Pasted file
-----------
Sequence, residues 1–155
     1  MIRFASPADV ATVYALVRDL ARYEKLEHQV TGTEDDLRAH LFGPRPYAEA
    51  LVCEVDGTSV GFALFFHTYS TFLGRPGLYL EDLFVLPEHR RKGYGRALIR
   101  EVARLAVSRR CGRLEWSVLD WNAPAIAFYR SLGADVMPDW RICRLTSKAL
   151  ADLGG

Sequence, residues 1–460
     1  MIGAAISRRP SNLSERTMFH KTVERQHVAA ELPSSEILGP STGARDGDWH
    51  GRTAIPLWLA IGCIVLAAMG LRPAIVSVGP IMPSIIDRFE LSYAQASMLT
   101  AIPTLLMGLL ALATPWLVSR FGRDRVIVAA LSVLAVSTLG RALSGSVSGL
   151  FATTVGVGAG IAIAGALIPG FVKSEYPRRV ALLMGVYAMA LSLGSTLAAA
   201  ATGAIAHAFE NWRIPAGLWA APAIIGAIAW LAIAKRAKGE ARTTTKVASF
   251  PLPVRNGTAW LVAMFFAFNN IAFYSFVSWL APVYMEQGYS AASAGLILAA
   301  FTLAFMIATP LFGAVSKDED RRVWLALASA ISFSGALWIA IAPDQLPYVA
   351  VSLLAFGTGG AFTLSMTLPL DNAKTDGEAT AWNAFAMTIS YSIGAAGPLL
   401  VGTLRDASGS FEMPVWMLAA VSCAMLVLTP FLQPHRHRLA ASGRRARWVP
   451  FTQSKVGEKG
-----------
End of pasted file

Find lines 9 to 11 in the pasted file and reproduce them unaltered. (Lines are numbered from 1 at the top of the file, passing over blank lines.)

   101  AIPTLLMGLL ALATPWLVSR FGRDRVIVAA LSVLAVSTLG RALSGSVSGL
   151  FATTVGVGAG IAIAGALIPG FVKSEYPRRV ALLMGVYAMA LSLGSTLAAA
   201  ATGAIAHAFE NWRIPAGLWA APAIIGAIAW LAIAKRAKGE ARTTTKVASF